The airstrip that serves the village of Entasekera in Maasailand sits atop a hill close to the border with Tanzania. Significant crosswinds make landing on the short airstrip a challenge, even more so when it rains. Passengers travelling there are only issued with a one-way ticket because the Cessna 206 cannot take off carrying anything more than the pilot. Only intrepid travellers make it this far because once you arrive you have to find your own way back!
One such traveller Steve Cram, former Commonwealth and Olympic athlete and founder member of charity Comrades of Children Oversees (COCO) flew in recently en route to an important celebration at Maasai Academy, a primary school in Olorte.
A warm reception greeted the visitors. The bright colours of traditional Maasai dress and distinctive jewellery shimmered intensely under the hot sun while Academy students sat proudly and quietly in their uniforms. School staff and children, parents, village elders, church leaders, and the honoured guests have gathered to celebrate the formal opening of new facilities including classrooms, toilets, a kitchen, and a newly levelled sports field.
We mill around, greeting the elders and the community leaders, shaking hands over and over as the soft murmur of the Maasai greeting ‘Supa’ and the response, ‘Eepa’ repeats between us.
The children remain seated as Steve is handed a pair of scissors and led to the new kitchen, classrooms and sports field he is to officially open. Once this is done, an elder is appointed to pronounce a blessing over the new facilities that they may be used to the glory of God and for the good of the school community.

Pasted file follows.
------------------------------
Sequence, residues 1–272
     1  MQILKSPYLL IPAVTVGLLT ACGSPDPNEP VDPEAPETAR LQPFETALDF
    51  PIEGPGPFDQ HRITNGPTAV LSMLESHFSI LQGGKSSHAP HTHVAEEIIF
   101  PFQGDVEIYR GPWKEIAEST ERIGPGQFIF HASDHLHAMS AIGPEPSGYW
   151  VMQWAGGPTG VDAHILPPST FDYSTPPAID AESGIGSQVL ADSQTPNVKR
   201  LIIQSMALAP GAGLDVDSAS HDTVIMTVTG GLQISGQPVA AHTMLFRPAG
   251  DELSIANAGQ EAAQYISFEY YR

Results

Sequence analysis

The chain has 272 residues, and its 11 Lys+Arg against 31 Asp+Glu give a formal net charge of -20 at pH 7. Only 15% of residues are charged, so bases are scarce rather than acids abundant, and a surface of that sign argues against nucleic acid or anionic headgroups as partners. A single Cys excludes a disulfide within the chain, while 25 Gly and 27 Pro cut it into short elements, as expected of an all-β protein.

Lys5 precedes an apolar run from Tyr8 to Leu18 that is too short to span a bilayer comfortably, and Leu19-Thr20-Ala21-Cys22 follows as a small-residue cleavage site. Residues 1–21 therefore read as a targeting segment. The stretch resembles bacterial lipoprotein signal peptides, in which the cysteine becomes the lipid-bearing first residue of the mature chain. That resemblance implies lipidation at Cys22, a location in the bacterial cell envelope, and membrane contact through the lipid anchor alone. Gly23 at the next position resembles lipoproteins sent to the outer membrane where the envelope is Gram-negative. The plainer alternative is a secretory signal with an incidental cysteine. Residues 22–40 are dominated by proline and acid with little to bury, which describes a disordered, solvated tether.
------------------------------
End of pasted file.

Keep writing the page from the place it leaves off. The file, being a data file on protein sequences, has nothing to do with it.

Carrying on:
Speeches translated into the Maasai language warmly congratulated everyone on their hard work and commitment. Steve reiterates, ‘I firmly believe that all young people should have access to education no matter what their circumstances or background.’
These buildings are evidence of not only the practical ways the school is developing but also some more subtle changes. Formal education has not always been embraced by the Maasai as it has seemed at odds with traditional culture. The blossoming of 3 children and one teacher at Maasai Academy to the current count of 140 students and 10 staff shows new openness and enthusiasm among parents, a willingness to invest in a different future for their children.
In the past, it may have appeared that being born into a remote and apparently unremarkable place such as Olorte could feel like holding a one-way ticket to a life fraught with struggles and lacking in opportunity. But thanks to the combined efforts of COCO and RedTribe, circumstances are changing and the lives of not only the children but also the extended community are changing, in tangible and sustainable ways.